SO now we have Alex Neil weighing in with his signature heavy hand to the debate about getting schools up and running again, asserting that so-called blended learning is “completely unacceptable”. The trouble is that he has scant grasp of the difficulties involved.

If you’re going to socially distance the pupils you’re going to have to at least halve class sizes. So if you want them all in there at once you’re going to have to double the number of classrooms. That’s going to be hard, though in at least some cases possible with the use of public buildings, hostels, hotels and so on. Next you’re going to have to transport all the materials and equipment required for teaching the students. That’s a huge logistical problem, though again technically possible.

READ MORE: John Swinney urged by SNP backbenchers to turn empty buildings into classrooms

Then we come to the brick wall: you’re going to have to double the number of teachers. Now that is simply impossible. Bring in retired teachers, we’re told. Being one of those myself I can assure you that wild horses would have no chance of getting me anywhere near a classroom. And I’m confident that would also go for the vast majority of my contemporaries. If nothing else, you don’t have to be long out of the classroom for the curriculum to have morphed out of all recognition. That is an impossible situation to be plunged into.

Bring in the student teachers, we’re told. Fine. Even if every last one of them is prepared to wade in, you’re still going to be many thousands short of the numbers required.

So where do you go from there? Well, full-time education for all students is, put simply, impossible, unless of course the virus has been eliminated by August 11, which is frankly most unlikely.

So Mr Neil’s “absolutely unacceptable” blended learning is, sadly, inevitable. But even there there are serious problems. If teachers are actively teaching classes, albeit smaller ones, full-time, where is the manpower needed to prepare, mark and feed back on home-based work going to come from?

So yes, there are real problems with planning how we deal with education come August. Mr Neil sounding off about how unacceptable it all is completely unhelpful.

Maybe if he were to commit some of his energy to actually thinking about it, he might be of some help to his colleagues in solving the problem.

Ken Gilmour

IF ever there was a moving feast, the plan for return to school amidst the pandemic must be on the menu. Who knows where we’ll be by August 11, but you can be sure that with our First Minister’s cautious approach, we’ll be as near to controlling the virus as possible while allowing our youngsters the best possible opportunity to return to normal schooling. Shame on the opposition parties, past FM McConnell, other critics and the Unionist media that they can’t wait to bin the feast before it’s on the table.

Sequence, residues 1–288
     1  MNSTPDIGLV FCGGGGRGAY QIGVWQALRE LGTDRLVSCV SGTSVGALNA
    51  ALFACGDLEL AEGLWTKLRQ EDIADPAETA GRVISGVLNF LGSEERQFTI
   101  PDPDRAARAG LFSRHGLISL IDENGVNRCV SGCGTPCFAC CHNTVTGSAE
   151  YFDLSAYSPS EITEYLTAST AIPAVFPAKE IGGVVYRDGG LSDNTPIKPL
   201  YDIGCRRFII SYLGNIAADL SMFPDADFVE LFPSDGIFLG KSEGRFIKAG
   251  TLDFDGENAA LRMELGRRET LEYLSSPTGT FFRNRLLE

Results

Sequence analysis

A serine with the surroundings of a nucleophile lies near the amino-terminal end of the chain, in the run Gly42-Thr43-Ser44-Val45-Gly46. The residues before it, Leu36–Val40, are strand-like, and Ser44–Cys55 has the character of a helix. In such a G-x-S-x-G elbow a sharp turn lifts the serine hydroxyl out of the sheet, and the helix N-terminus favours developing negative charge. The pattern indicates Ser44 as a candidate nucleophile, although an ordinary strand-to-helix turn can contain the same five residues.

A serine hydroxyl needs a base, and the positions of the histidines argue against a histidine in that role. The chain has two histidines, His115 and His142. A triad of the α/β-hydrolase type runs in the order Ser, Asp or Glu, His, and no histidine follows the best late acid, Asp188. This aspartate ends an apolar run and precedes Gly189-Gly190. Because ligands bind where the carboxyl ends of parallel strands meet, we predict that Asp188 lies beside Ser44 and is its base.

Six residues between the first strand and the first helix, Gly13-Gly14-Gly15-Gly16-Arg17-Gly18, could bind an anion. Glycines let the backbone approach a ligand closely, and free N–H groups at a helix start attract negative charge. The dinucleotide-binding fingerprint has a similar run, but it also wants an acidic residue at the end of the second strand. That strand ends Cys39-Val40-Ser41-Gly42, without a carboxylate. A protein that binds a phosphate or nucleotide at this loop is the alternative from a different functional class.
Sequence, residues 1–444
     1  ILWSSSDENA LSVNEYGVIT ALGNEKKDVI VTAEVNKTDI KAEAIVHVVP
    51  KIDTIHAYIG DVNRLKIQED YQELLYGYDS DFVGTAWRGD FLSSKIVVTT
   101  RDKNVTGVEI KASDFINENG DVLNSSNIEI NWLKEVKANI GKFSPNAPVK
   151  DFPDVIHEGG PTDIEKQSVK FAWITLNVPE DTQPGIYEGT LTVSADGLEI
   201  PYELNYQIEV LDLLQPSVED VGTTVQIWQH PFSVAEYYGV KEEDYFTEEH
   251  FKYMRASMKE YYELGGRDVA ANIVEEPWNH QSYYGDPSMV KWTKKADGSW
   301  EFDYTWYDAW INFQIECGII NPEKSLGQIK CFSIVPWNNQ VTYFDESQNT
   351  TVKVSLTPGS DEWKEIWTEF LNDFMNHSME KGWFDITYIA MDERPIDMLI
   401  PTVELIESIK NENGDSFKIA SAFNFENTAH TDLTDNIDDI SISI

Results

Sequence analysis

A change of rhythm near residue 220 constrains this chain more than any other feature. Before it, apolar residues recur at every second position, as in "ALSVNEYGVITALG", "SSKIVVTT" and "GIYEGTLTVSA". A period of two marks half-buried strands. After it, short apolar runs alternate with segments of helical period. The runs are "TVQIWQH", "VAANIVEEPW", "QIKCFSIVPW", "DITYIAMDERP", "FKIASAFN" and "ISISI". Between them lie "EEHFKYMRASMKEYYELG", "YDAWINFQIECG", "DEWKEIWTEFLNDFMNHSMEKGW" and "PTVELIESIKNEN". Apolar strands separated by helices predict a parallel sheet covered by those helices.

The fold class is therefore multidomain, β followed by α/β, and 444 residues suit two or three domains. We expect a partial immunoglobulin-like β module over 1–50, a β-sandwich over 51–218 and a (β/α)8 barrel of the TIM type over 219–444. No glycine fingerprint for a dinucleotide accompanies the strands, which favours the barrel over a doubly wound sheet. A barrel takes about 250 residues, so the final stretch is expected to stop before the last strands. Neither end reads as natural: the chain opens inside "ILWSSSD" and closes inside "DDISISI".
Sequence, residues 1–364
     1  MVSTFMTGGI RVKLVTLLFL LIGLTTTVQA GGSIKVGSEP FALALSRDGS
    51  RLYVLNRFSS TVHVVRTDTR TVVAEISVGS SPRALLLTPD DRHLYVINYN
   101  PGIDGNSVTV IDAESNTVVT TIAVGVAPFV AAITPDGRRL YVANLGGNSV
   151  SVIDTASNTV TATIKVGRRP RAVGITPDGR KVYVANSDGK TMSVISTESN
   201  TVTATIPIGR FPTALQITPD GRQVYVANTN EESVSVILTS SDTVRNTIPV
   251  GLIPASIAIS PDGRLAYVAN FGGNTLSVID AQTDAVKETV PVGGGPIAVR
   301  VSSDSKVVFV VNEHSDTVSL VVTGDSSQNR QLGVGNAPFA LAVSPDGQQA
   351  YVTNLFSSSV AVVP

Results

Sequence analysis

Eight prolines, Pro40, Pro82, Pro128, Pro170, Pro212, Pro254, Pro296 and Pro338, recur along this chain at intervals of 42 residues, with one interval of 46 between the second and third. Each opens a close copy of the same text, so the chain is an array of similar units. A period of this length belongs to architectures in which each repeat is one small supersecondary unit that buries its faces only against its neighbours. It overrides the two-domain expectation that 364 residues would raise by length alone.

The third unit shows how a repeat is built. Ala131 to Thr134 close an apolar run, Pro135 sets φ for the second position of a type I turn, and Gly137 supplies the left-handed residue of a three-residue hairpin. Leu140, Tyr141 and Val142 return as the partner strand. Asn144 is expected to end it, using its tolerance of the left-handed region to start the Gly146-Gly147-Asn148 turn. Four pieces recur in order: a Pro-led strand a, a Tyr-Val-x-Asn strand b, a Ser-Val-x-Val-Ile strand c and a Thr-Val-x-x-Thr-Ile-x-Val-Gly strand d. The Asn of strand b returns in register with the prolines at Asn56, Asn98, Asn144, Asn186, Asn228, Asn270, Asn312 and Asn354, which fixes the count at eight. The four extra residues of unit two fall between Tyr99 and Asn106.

Tom Gray

JIM Taylor (Letters, June 21) believes we’ve now reached a stage when the public can now be trusted to faithfully adhere to the regulations and guidance for living with the coronavirus pandemic. Clearly his optimism is based on his experience of public behaviour in a very different part of Edinburgh from me. Mr Taylor asks if we are “all yearning to get back to life and herald the lifting of emergency powers”. Well amen to that.

Douglas Turner

WHILE I accept that the task of compiling a team such as The National’s Premier XI is, when it comes down to it, a matter of personal opinion, I have to say I was amazed at some of your number one player selections and totally gobsmacked by your number one choice for manager.

The greatest part of Ferguson’s success came in England, where he had resources far outstripping any manager in Scotland. (If success down south is so important, why not have Kenny Dalglish as a striker?)

The standout number one selection for manager should, without question, be Jock Stein. The manager of the first British, and the only Scottish, team to win the European Cup is apparently “unlucky to miss out”. I think you ought to change that to “outrageously missed out”.

Alistair Jackson

I WOULD like to make a brief comment on Ian Bayne’s letter (June 21) regarding Thomas Muir.

It was very fitting indeed that this great martyr was described as “the true father of Scottish democracy”. No praise is too high for the great sacrifice he made for the people of his day, and he should be much better remembered by the Scottish people of our own time than he appears to be.

When his elderly mother heard the sad news of his death, she is said to have penned the following impressive lines, which say it all:

Doomed from this mansion to a foreign land;
To waste his days of gay and sprightly youth,
And all for sowing with a liberal hand,
The seeds of that seditious libel – Truth.

Norrie Paton